Propolis consists of a mixture of resinous, gummy and balsamic substances collected by bees in the spring from the buds and bark of trees, with the addition of salivary secretions. Man understood the possibility of transferring the protective properties of propolis from the hive to himself, mainly to prevent or treat seasonal ailments of an epidemic nature, but also to restore the integrity of the mucous membranes and immune system at the ‘entryway’, defending against potential aggressors posing a threat to his safety.
The pincer-shaped mandibles of older worker bees allow the collection of Propolis, from late spring to late summer, to ensure the solidity of the cells, their internal lining, defence against enemies, mummification of intruders, conditioning of the micro-climate and health of the hive.
This plant resin is a complex mix of glycoprotein substances, phenolic compounds, amino acids and minerals. It has an anti-infective and immunomodulatory action. There are numerous indications for the use of propolis-based preparations: mouth ulcers, Candida infections of the oral cavity and gastrointestinal tract, convalescence, pharyngitis, gingivostomatitis, cold sores, respiratory tract infections, viral infections, influenza, swollen lymph nodes in the course of infectious processes in the upper respiratory tract, colds, hoarseness, sinusitis, coughs. In preparations available on the market, Propolis is found either as a single substance or in association with other plant extracts that complete and optimise its healing properties. Aloe, Mallow and Chamomile enhance the emollient and protective action on the mucosa; Myrtle and Blackcurrant promote a soothing action; Drosera, Eucalyptus and Hedge-mustard aid the anti-inflammatory and sedative effect on coughs; Agrimony, Echinacea and Rose Hip, rich in vitamin C, strengthen the immune system.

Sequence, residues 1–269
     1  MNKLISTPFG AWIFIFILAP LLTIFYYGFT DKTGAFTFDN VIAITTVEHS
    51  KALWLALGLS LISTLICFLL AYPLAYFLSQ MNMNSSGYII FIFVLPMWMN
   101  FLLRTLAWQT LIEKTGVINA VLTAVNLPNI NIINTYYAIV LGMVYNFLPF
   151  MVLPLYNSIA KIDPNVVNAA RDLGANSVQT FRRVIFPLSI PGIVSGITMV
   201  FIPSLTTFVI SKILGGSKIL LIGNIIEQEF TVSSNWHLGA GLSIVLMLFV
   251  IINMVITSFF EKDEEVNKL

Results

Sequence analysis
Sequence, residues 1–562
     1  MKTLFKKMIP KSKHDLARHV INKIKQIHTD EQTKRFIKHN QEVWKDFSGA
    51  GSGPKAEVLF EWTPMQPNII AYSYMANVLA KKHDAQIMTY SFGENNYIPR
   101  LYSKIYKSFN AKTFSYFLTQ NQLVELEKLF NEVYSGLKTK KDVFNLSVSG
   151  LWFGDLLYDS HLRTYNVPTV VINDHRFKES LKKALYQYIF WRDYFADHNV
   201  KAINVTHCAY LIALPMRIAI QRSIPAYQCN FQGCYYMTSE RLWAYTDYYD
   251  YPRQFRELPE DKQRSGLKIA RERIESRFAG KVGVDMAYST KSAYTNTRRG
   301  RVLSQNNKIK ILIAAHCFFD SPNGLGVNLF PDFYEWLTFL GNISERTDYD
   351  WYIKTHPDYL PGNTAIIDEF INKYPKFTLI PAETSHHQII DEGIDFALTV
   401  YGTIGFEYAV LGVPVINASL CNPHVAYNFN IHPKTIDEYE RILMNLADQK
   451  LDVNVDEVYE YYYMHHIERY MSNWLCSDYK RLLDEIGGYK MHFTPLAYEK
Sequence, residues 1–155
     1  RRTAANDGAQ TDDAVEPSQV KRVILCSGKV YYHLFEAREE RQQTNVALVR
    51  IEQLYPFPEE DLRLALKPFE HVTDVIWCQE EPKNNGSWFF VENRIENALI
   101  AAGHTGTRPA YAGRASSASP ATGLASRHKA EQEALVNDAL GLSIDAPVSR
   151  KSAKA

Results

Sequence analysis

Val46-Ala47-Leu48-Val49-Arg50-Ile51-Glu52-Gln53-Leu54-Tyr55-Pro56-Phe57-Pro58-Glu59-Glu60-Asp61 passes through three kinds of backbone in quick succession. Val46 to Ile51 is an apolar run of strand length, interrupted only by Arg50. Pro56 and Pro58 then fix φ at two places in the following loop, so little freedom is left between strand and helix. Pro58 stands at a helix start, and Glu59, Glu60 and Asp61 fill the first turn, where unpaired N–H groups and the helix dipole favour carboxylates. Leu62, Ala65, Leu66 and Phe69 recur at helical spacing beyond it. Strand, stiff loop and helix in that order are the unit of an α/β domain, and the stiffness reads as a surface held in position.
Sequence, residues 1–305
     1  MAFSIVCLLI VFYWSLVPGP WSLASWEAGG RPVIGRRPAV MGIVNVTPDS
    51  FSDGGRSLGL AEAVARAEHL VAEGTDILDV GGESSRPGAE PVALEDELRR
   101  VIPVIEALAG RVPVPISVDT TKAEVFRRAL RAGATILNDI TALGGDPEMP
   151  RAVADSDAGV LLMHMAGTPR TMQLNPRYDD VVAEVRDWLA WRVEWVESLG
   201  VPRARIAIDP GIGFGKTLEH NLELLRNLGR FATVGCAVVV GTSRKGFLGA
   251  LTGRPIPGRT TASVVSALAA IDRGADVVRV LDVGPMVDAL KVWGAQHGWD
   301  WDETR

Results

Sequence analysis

Plant resin collected by worker bees from leaf buds and tree bark is processed and then used as a construction and defence material to seal, protect, and strengthen the hive. And while it’s true that the protective effects of the polyphenols in propolis are well known and reported in numerous scientific publications, at the same time, the abundant presence of waxes carries the risk of prompting the onset of possible allergic reactions following its intake, especially in pollen-allergic individuals. Waxes also hinder the action of the active ingredients of propolis, reducing their activity. The waxes are therefore removed to avoid allergic phenomena, increase the healing potential and optimise the quality of the propolis extracts available on the market.